1000 Users

The myth of “we had 25,000 users sign up on our first day” or the line “we told our friends and they told their friends,” are both likely to have been backed up by a smart strategy. I am still figuring out the plan with www.fabsie.com and researching other playbooks for inspiration. All of the startups below have a great product which is central to their success, but beyond that are some very important findings that led to their growth.

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  1. The founders weren’t scared of letting people try it before launch. They just kept showing it to people and taking feedback.
  2. They got everyone they talked to be a brand ambassador.
  3. Early adopters used the product extensively.
  4. Users posted their photos to twitter attracting new users, (many early adopters had ‘000’s of followers.)
  5. Early users became huge advocates and pushed it on blogs and in reviews on app store.
  6. Showed it to influencers. (Robert Scoble, Kevin Rose, Leo Laporte and MG Siegler)


  1. Reid Hoffman seeded the product with successful friends and connections. (The company would have been doomed if there had been massive adoption of have-nots, instead of people who were hiring, recruiting etc.)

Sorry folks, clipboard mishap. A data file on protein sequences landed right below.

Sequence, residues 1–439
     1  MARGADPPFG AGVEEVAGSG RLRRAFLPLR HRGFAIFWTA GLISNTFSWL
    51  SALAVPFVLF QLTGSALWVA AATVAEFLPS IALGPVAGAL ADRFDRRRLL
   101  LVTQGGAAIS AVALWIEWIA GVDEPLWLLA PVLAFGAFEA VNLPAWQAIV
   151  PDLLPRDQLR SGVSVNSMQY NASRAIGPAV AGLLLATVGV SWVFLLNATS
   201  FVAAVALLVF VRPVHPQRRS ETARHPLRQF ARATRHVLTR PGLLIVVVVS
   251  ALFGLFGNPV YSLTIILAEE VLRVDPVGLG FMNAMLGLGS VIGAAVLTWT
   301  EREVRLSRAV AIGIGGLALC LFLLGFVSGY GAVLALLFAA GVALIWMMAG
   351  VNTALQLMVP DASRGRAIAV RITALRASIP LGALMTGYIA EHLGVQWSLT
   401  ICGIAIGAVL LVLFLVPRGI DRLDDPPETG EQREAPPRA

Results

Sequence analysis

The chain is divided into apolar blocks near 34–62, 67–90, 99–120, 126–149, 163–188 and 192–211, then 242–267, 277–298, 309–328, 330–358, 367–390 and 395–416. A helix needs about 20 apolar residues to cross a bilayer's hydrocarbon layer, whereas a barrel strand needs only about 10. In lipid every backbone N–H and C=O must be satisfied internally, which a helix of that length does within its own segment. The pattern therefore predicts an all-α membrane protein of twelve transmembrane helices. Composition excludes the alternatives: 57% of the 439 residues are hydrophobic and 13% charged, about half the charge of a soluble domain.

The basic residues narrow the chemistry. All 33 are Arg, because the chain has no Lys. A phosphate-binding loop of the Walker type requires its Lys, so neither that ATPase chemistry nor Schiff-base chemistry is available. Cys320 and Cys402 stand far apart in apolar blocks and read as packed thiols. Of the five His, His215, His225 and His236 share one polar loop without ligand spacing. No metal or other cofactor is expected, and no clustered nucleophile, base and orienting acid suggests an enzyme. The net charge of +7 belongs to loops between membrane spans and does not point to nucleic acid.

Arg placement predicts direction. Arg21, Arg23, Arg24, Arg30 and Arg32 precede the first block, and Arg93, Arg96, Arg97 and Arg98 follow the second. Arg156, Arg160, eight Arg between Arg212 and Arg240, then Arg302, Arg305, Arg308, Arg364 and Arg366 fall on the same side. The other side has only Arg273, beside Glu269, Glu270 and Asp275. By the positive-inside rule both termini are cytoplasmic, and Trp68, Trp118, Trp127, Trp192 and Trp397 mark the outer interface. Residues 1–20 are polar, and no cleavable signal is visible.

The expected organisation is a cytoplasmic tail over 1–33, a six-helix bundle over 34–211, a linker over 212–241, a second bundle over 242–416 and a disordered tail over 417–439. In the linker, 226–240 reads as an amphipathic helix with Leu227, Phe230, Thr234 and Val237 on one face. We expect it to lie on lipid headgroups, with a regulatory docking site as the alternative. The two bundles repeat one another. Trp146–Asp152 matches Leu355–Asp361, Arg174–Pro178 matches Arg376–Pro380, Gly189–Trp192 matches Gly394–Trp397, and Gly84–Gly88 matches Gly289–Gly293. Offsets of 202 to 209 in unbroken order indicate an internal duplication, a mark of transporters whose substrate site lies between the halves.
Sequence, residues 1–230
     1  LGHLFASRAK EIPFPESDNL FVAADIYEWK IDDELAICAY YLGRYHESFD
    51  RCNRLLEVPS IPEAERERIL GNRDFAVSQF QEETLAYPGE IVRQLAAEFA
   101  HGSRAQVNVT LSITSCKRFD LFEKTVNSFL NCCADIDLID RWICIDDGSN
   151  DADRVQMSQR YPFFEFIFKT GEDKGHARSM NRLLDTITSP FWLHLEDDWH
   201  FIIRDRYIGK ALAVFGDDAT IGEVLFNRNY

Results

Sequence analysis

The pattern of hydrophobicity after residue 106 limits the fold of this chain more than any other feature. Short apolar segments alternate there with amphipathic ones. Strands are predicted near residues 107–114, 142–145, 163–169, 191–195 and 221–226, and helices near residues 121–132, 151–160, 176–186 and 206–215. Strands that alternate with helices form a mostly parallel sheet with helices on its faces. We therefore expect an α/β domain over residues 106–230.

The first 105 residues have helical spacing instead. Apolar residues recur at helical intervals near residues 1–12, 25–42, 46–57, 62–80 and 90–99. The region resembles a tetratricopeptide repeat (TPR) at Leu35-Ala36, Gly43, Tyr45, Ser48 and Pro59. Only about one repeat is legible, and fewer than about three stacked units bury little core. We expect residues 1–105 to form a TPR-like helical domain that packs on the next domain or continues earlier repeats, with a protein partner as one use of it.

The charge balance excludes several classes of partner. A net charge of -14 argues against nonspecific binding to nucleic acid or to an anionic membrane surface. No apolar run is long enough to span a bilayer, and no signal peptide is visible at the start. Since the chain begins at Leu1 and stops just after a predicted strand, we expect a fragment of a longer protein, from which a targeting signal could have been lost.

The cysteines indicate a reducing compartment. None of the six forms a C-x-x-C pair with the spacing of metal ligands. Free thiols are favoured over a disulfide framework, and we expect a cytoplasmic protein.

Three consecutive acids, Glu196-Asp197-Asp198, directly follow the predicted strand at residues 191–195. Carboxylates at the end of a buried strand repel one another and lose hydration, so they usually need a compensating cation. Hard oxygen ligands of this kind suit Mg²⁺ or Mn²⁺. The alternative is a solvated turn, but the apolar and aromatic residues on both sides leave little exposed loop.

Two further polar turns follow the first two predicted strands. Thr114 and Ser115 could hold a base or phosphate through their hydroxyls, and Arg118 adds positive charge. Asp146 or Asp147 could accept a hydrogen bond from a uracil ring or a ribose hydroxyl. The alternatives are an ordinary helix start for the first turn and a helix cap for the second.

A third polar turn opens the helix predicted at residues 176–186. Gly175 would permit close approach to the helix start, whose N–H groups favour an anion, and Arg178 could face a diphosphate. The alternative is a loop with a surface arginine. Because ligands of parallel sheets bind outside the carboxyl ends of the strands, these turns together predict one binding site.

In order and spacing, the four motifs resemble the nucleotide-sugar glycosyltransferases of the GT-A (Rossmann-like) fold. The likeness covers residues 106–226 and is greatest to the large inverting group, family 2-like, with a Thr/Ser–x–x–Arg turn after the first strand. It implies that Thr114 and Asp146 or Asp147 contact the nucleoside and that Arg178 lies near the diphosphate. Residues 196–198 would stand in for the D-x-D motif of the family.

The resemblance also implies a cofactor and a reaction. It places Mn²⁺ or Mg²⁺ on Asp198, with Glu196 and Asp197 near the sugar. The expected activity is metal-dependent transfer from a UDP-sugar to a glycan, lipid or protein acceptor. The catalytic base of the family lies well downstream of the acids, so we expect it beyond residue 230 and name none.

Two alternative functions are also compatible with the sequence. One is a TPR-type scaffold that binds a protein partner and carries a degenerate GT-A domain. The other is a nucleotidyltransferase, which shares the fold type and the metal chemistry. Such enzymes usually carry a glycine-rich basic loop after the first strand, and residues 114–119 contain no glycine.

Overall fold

2. He refused to meet with potential investors until they adopted LinkedIn.  Entrepreneurs and aspiring executives would follow their lead.
  3. Deployed an Outlook contact uploader (very painful to build/support) to allow viral spread among professionals.
  4. Deferred any features related to revenue or engagement until after the growth path was established, which took nearly 1.5 years.
  5. Invitation reminders that expired after two weeks were another key feature.


  1. The original founders built forums and started reading through the conversations people were having. The overwhelming topic was, “I wish there was a place I could sell my crafts! Ebay sucks – it’s hard to use, doesn’t care about us, and charges high fees.”
  2. Craftspeople buy crafts in other sectors than their own trade. Sellers were also buyers and brand advocates.
  3. They told their friends at even larger crafting community forums about Etsy, which brought even more sellers.